How can GCC construction strengthen its immunity?
As global geopolitical and economic crises mount, reprioritisation and diversification will hold the key to success for construction firms in the Middle East next year
How has 2015 been for your company so far? At face value, the year has been a mixed bag for all construction outfits operating in the Middle East, driven primarily by the topsy-turvy performance of the oil market, and its impact on state funding.
The UAE has already cut fuel subsidies as a first step to what is likely a long-term consolidation of resources amidst turbulent economic conditions, and is likely to amplify its efforts through taxation policies next year.
Unpopular as they might be with some residents of the country, the UAE’s measures will be necessary if OPEC-countries continue with the relentless over-production which has pummelled crude values and left little room for oil-price correction.
Worryingly, the situation is unlikely to change in 2016, given the geopolitical picture of the Middle East at the moment. Conflicts in Syria, Yemen, and Iraq are likely to strain local budgets, besides crippling the security of investments in the region. Equally bleak are the permutations on the international landscape, as Europe struggles to keep up with the ongoing migrant crisis, economic meltdown, and military activity in Ukraine.
All these factors are crucial to development in the Middle East, which has matured into a key regional market for corporate giants from around the world, even amidst challenging economic and political conditions as these.
An understanding of this can be provided by equipment manufacturer Caterpillar, where officials have started to restructure the company’s business model to meet the requirements of an uncertain global market.
On 24 September, 2015, Caterpillar announced it will cut 10,000 jobs by the year 2018 in a bid to consolidate its position against the swinging fortunes of sectors such as mining and energy.
Caterpillar spokesperson, Erik De Leye, told Construction Week in our news analysis for the week (page 18) that this plan – while applicable across all its regions and activities – do not include dealers and distributors.
Undoubtedly, then, it will be interesting to see how Caterpillar’s cautious worldwide strategy pans out in the Middle East over the next three years, especially since its existing operations in the Middle East imply the company is committed to investing in the region.
Caterpillar has poured $7m into a regional training centre for the Middle East. The facility is currently under construction in the UAE’s Jebel Ali area, and is due to open in April 2016.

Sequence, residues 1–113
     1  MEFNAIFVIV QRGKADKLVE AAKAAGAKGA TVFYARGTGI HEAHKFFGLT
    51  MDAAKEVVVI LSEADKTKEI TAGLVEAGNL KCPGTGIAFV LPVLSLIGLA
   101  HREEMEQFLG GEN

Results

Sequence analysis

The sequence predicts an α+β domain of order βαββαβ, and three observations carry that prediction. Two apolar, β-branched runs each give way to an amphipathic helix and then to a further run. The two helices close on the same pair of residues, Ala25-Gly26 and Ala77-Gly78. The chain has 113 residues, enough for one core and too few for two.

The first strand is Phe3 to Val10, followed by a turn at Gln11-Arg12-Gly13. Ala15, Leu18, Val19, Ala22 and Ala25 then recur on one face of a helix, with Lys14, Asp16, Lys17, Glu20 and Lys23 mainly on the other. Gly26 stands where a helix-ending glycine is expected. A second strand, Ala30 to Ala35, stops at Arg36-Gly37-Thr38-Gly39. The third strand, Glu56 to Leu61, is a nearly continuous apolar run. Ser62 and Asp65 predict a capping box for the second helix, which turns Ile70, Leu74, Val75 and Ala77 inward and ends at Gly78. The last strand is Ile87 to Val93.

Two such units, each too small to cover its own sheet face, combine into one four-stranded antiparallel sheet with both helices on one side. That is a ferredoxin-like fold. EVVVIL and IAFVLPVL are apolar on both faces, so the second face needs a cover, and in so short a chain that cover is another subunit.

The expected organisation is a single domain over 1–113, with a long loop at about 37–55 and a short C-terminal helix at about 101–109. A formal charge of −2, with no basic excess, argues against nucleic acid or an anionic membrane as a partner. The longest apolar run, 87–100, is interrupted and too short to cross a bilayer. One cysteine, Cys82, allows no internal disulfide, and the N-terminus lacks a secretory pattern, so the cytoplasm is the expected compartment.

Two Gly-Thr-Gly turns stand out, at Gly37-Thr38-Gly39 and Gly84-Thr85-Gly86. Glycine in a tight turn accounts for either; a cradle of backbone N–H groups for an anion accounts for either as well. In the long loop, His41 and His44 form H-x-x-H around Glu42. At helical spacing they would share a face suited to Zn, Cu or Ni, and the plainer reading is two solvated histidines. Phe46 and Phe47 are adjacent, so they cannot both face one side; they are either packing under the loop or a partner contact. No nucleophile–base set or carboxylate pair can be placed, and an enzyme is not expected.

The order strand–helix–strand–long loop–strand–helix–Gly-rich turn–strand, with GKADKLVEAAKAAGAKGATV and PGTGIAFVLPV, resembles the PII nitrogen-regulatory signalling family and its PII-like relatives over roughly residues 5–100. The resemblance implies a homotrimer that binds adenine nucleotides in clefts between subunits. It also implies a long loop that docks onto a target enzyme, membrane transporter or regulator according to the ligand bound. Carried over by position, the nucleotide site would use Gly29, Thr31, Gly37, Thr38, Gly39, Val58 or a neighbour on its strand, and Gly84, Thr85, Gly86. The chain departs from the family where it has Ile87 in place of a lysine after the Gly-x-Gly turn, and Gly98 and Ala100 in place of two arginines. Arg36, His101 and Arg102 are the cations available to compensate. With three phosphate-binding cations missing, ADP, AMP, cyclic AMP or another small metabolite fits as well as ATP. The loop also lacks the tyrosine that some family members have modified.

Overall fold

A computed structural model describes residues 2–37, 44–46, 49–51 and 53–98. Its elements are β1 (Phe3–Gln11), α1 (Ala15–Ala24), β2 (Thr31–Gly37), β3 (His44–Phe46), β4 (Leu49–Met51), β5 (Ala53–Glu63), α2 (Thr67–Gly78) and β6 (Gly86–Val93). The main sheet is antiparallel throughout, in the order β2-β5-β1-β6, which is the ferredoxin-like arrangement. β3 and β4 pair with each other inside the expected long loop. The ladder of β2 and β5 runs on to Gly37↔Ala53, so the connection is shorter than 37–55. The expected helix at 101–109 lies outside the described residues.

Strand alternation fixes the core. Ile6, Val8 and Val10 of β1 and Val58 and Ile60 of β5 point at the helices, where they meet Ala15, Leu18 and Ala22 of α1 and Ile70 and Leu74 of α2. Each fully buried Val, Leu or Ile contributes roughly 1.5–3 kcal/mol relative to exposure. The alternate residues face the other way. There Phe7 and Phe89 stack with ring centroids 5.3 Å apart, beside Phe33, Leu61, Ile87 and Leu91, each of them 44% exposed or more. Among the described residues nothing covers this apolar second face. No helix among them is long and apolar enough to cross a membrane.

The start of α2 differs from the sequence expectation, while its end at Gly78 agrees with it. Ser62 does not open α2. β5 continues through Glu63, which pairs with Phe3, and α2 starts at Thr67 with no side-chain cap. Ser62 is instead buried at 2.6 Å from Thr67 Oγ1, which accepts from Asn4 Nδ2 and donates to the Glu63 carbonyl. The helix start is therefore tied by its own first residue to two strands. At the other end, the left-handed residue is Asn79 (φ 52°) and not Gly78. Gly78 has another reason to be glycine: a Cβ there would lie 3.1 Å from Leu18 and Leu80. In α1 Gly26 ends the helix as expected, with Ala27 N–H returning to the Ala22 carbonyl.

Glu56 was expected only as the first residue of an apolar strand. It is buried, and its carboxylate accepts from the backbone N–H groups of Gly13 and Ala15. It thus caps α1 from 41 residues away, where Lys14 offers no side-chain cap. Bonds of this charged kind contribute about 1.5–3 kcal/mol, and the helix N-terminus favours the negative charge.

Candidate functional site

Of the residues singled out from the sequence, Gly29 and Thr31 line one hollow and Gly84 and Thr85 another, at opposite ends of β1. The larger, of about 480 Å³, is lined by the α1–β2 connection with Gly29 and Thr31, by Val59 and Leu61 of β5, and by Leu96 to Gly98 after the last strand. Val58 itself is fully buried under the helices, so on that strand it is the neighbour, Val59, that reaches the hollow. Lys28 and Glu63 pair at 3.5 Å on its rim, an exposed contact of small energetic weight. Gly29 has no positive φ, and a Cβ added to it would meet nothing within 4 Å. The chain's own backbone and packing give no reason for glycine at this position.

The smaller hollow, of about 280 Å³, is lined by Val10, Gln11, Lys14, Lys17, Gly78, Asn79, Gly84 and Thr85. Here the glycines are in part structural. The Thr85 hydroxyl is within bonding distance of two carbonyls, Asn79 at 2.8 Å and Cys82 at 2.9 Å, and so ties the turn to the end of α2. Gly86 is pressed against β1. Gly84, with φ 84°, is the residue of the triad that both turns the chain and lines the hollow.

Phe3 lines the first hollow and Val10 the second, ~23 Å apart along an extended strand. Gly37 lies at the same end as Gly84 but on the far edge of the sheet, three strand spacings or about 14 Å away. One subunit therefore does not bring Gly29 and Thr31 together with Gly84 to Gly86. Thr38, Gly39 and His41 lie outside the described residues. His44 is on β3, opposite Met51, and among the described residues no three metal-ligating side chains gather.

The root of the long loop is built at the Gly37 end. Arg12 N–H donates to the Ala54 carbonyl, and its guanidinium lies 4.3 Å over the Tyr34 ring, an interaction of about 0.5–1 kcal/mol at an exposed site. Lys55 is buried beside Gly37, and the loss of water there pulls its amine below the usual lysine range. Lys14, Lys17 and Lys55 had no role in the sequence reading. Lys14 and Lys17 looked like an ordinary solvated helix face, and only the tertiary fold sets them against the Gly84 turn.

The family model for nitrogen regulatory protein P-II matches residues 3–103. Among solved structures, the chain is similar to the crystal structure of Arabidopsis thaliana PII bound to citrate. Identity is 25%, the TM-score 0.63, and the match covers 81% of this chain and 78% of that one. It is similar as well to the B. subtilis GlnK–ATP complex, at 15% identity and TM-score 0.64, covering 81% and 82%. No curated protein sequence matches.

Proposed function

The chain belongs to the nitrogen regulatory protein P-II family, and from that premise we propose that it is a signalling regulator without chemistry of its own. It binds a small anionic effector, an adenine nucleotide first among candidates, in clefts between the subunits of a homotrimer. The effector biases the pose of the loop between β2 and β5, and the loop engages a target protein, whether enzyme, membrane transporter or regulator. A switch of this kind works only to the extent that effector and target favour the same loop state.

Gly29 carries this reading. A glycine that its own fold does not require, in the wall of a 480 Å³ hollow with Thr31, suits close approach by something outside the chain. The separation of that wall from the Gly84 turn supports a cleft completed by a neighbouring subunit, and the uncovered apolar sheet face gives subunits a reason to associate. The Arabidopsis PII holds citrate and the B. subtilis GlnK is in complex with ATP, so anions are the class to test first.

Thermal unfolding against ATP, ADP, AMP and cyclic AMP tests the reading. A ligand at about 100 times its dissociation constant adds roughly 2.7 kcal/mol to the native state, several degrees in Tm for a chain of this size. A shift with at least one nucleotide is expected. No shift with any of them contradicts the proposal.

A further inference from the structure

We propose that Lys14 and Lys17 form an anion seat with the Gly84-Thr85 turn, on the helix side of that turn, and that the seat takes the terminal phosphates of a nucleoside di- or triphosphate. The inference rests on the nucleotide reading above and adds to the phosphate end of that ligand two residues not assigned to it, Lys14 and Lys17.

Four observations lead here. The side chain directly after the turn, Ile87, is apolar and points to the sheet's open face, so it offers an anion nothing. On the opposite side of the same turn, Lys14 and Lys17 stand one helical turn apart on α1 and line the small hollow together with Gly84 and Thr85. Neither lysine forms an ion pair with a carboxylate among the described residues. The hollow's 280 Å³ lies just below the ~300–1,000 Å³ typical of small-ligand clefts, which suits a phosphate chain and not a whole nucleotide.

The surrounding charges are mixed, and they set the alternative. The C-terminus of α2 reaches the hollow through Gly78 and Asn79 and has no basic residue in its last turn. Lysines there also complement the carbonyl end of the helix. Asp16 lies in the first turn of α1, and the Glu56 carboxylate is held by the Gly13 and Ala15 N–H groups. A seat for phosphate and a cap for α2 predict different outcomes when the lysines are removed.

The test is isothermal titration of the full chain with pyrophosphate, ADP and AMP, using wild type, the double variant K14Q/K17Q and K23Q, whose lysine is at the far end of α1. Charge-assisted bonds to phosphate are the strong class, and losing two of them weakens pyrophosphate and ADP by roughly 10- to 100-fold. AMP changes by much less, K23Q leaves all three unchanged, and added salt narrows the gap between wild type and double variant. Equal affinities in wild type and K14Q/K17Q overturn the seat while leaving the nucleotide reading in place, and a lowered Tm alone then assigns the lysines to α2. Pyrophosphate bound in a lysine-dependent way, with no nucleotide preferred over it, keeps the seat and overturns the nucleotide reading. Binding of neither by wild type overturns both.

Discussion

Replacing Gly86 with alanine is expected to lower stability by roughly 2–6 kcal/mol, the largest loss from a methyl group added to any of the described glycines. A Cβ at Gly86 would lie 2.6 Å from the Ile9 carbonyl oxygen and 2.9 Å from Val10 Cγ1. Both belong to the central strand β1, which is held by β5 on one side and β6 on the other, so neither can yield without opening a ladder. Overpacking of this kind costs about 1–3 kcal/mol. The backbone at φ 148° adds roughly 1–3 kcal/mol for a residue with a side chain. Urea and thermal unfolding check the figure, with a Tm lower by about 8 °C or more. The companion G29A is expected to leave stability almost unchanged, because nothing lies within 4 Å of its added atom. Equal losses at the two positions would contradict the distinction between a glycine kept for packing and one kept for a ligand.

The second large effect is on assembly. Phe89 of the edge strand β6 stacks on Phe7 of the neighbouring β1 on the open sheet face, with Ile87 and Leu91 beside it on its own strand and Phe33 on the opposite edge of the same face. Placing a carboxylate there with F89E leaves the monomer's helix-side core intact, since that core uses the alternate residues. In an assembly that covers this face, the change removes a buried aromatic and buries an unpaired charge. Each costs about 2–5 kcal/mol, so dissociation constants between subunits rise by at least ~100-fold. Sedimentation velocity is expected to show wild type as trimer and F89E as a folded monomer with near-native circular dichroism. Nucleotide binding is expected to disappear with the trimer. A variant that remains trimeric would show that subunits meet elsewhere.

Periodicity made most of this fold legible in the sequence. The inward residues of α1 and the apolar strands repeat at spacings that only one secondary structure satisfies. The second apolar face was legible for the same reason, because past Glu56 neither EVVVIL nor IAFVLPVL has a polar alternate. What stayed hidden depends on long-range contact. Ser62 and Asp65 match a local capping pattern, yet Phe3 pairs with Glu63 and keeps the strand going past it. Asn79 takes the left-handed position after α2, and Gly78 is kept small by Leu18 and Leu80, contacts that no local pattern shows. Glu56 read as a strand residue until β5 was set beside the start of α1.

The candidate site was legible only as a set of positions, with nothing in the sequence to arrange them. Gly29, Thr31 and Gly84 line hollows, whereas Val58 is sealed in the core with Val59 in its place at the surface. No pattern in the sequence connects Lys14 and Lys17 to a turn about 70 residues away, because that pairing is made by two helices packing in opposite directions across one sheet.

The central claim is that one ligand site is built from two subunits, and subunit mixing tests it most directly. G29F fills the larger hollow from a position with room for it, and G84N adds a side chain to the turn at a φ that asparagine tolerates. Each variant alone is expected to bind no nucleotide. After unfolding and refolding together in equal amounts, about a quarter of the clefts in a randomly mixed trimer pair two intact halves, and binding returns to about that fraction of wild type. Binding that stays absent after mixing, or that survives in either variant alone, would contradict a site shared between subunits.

That Caterpillar has chosen to pool its resources in the UAE also reflects on the general sentiment of the country’s construction market at present, which, despite challenging economic conditions, appears intent to continue with its expansion plans. This is best exemplified by Union Properties, the real estate development firm headquartered in the UAE.
The Dubai-based firm reported a 93% year-over-year drop in its net profit for the first half of 2015, and a 96% slump in its second quarter net profit for the year as well.
Understandably, the UAE’s construction market was surprised – and concerned – after these figures surfaced, but as Ahmad Al Marri, the company’s general manager, tells us in this issue’s face-to-face section (page 24), for now, Union Properties is “financially good”, and has little to worry about.
Al Marri claims the firm’s “profits will definitely [appear low]”, since it hasn’t collected a huge volume of revenues over the years. Union Properties’ balance sheet is also burdened by the number of projects the company began development work on this year, further impacting its profit margins.
Shrouded by the commotion regarding the sizeable profit reductions are figures that paint a more balanced picture of Union Properties’ well-being: The company’s total assets increased, even if only slightly, to $2.28bn (AED8.4bn) in H1 2015, vis-à-vis $2.23bn (AED8.2bn) in the corresponding period last year. Additionally, its gain on the valuation of properties during the second quarter of 2015 was a respectable figure of $33m (AED121.4m).
Union Properties announced in July 2015 that it will invest $544.5m (AED2bn) in the UAE over the next six years, and the company also plans to extend its operations into Saudi Arabia. Theoretically, the idea seems extremely optimistic given current economic conditions.
Realistically, however, expanding across its tried and tested home turf, and into the Kingdom’s untapped residential sector, is a smart diversification tactic by a firm vying for immunity ahead of a challenging new year. So, how’s 2016 going to be for your company?